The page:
Tag Archives: digcit

Common Sense Media & Hamlin Partnership … year 3

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Dear Parents, We’re excited to again be working with Common Sense this year as part of their Supporter School digital_citizenship-certified_school-medProgram (our third year). We’ve partnered with Common Sense because we are fully committed to empowering our children to make safe, responsible decisions online and help them take advantage of the best that technology has to offer for learning. Many of you may know Common Sense for their movie, TV, and book ratings and reviews, but they also provide a wealth of education resources that we will be implementing in a variety of ways.

As a member school, we are taking a whole-community approach to digital citizenship and will provide students and families with the support and tools you need to navigate the digital world in the classroom and at home. We will be sharing Common Sense’s best resources with you throughout the school year, including timely tips and advice, as well as engaging in parent and educator workshops and sharing best practices with a network of member independent schools in the Bay Area and across the country.

To prepare for the back-to-school questions and concerns you may have, check out Back-to-School Rules for Cell Phones, What is Pokémon Go?, and 5 Social Media Musts for Teens. Visit commonsense.org for more information, and we will keep you updated about this program through coffees, events, and weekly blog postings right here.

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Digital Citizenship Tip of the Week – 11/12/2015

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Are you wondering what are the best kinds of social media apps for kids?  The problem is that it isn’t always easy to find social sites specifically designed to be beneficial for kids. Though 45% of teens say they use social media every day, they rank it lower in personal enjoyment than every other kind of media, according to our just released Census Report on Tweens and Teens and Media Usage .  It is possible many teens use social media simply because their friends do and they don’t want to miss anything, rather than actually liking what social media has to offer.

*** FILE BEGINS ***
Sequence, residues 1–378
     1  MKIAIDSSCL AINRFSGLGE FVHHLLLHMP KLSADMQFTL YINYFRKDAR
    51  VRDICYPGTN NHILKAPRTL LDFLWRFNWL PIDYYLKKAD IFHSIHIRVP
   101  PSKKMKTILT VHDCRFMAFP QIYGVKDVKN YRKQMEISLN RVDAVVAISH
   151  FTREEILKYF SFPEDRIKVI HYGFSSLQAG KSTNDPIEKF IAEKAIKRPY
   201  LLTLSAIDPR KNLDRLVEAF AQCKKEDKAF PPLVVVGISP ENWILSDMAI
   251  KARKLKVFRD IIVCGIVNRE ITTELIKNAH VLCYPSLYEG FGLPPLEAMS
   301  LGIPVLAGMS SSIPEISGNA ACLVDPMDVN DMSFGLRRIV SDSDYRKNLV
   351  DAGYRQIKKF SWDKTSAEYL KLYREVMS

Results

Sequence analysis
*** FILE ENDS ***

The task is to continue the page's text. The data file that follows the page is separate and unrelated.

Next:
Kids are moving away from having one social-media destination  and instead are downloading different apps for different purposes.  We have compiled some apps that make it easier to promote positive interactions, as well as those apps that enable teens to explore their interests, be creative, make connections and learn about the world.  Take a look at these apps that might make your kids (and you) a little happier.

Have a great week and don’t forget to use Common Sense.

img from: http://jasoncurlee.me/wp-content/uploads/2013/09/socialmedia.jpg

Digital Citizenship Tip of the Week – 11/5/2015

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Tumblr is an unending streaming scrapbook of text, photos, videos, and audio clips. It pioneered the vibrant, graphic-rich, full-screen design that kids love (which is one reason Yahoo bought it for $1.1 billion 2013). And — with more than a million blogs — it remains one of the most popular places on the Web for creative types to design original pages, share cool things they discover, and follow others with similar interests. On Tumblr, the goal of many users is to be “reblogged” (as opposed to racking up likes, as with Instagram), which makes the service feel like a creative community bonded by shared interests — and not a popularity contest. Read full  Tumblr article here.

Tumblr is unique because of the wide variety of content that users can post from their phones or computers. Not only can they text and post photos, they also can offer up quotes, links, music, voice messages, and videos. It all shows up on a member’s page along with a stream of posts from people they’re following. This ability to post instantaneously can be a risk for impulsive teens (or any teens, really). Check out how to keep up with the latest social apps and websites teens are using  and check out the 15 apps and websites your kids are going to after Facebook!

Have a great week and don’t forget to use Common Sense.

Hamlin’s November #DigCit Theme …

The Digital Citizenship theme for November is “Relationships Online.” We hope you will be able to continue the discussions at home with the help of our monthly discussion questions.